Justice Action Group2020-06-28T07:43:16-04:00


Justice Action Group (JAG), under the care of the Peace and Social Action Committee, believes that incarceration is inhumane, ineffective, disproportionately imposed on marginalized groups and obstructs justice. We invite you to join us in learning more about the way things are and the way things could be.



A Black man named George Floyd was murdered by four police in Minneapolis, MN on May 25, 2020. The video of his death has sparked global protest against police brutality and lethality, specifically police violence against Black people. Protests across the United States have been met with National Guard, police in riot gear, armored vehicles, and drone surveillance. Curfews have been imposed and tactics including ‘kettling’, tear gas, rubber bullets, and mass arrests have been used to intimidate protesters.

We, the Justice Action Group, members and attenders of Ann Arbor Friends Meeting, believe that the U.S. system of policing and punishment is inhumane, ineffective, disproportionately imposed on marginalized groups and obstructs justice. Witnessing the loss of life at the hands of law enforcement, the violence perpetrated towards protesters, and the unresolved legacy of slavery and our country’s persistent devaluation of Black life has been truly heartbreaking. We feel moral outrage. We have been witness to a system of punishment that is actively harming communities and individuals alike. The status quo is unacceptable and it is our conviction that transformational change can wait no longer. Human life is sacred, deserving of love, nourishment, and protection.

We believe that fundamental and systemic changes, rather than incremental reforms which maintain the institution of policing, are necessary to address the continued criminalization of Black people. We ask Friends to listen to and believe Black experiences of policing and incarceration and to acknowledge that the system of policing was designed to control Black people and maintain social inequality. Furthermore, we encourage Friends to understand the history of Quaker complicity in this violence.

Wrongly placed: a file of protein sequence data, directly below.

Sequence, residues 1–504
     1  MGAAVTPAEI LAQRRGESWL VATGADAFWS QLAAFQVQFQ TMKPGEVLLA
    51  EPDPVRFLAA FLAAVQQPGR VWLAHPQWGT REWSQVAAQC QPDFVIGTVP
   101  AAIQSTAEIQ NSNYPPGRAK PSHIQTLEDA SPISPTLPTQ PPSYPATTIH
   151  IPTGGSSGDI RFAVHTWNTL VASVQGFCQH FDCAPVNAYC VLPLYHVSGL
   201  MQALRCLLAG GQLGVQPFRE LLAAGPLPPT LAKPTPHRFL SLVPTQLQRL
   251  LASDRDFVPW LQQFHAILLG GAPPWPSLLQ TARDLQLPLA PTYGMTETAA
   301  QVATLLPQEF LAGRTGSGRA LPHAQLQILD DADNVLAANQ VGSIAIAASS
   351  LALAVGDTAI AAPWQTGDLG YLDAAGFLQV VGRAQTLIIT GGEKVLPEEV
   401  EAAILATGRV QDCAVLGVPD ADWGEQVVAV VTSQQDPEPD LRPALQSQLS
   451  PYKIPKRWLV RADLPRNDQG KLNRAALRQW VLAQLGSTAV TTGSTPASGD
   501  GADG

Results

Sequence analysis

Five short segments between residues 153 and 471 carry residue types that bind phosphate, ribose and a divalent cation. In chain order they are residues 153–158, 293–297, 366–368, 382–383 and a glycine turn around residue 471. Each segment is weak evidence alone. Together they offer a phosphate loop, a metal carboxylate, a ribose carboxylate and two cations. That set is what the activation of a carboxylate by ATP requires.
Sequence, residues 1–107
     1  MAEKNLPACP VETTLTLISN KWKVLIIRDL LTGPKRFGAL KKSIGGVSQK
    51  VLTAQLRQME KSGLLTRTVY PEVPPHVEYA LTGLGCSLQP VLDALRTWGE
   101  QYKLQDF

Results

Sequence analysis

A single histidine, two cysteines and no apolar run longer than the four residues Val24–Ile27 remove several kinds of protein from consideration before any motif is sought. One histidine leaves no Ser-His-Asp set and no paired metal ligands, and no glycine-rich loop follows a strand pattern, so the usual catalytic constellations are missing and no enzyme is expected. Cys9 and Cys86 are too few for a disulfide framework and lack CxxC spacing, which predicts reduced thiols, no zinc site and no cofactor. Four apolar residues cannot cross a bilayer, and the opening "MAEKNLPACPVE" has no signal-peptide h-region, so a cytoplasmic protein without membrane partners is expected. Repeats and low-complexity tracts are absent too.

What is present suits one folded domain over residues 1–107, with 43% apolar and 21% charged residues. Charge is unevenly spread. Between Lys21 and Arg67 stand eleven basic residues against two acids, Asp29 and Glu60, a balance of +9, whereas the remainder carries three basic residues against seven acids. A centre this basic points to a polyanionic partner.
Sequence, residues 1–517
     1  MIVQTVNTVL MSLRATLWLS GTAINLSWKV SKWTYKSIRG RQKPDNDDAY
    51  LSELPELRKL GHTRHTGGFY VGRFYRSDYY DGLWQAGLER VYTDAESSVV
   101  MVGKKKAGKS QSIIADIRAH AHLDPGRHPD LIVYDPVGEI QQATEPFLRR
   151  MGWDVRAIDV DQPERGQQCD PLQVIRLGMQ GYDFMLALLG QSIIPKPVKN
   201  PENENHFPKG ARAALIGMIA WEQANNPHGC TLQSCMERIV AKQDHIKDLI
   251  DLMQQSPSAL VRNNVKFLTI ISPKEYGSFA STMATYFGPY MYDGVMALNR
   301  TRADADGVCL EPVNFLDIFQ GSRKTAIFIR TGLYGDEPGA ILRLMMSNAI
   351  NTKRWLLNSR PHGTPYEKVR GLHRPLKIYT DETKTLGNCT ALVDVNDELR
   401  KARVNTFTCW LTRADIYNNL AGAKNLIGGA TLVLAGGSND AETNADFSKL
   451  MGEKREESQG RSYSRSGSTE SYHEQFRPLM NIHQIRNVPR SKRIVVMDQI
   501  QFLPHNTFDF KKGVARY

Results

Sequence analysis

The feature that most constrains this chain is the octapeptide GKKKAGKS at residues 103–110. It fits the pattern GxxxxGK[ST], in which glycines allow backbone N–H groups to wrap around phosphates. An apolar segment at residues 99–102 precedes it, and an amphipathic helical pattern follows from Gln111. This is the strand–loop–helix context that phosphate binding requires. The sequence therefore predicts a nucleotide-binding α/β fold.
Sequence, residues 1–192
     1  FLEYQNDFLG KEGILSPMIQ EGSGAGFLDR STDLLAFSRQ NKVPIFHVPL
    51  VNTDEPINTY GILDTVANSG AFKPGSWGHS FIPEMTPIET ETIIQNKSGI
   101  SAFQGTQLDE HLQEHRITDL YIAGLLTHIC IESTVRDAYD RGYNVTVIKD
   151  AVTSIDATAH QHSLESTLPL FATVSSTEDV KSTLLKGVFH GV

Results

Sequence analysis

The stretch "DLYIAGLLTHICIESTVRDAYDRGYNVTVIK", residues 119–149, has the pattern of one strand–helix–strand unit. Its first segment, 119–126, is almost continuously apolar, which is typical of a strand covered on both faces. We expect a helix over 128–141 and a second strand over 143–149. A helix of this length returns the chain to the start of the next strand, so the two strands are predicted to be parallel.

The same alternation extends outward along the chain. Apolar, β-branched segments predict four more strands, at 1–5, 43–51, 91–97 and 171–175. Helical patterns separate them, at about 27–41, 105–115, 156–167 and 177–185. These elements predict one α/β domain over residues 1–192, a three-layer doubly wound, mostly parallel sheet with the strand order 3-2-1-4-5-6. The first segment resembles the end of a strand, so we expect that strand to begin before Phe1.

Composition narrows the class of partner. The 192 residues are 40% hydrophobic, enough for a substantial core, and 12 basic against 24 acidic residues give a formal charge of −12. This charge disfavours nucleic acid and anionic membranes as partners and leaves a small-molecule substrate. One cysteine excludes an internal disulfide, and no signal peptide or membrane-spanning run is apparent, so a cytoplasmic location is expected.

Working for reforms that maintain or expand police powers presupposes that the system is inherently good and only requires minor adjustment in practices. In reality, incremental changes are not only inadequate to address the ways police impose violence and control on whole communities, but counterproductive, since the reforms increase seeming legitimacy of the institution while stalling transformational change. Police continue to criminalize “existing while Black”, increase the use of military tactics, and kill Black people with impunity. Furthermore, imposing harsher penalties on individual police and police departments is not enough because it leaves the underlying system of violent oppression intact. Incremental changes like bias training and increasing surveillance with body cameras, support the nature of the institution of policing, expand its budget and control over civilians, and do not result in less police violence.

Friends will recognize that our country has witnessed nationwide protests followed with vows to change policing before. For example, since the murder of Michael Brown in 2014, “police departments [have] spent tens of millions of dollars on body cameras, revised use-of-force policies and held training sessions on implicit bias and de-escalation. A presidential task force issued 153 recommendations and action items. The Justice Department forced seven troubled police departments into consent decrees with mandatory benchmarks aimed at reducing racial disparities and police brutality.”[1]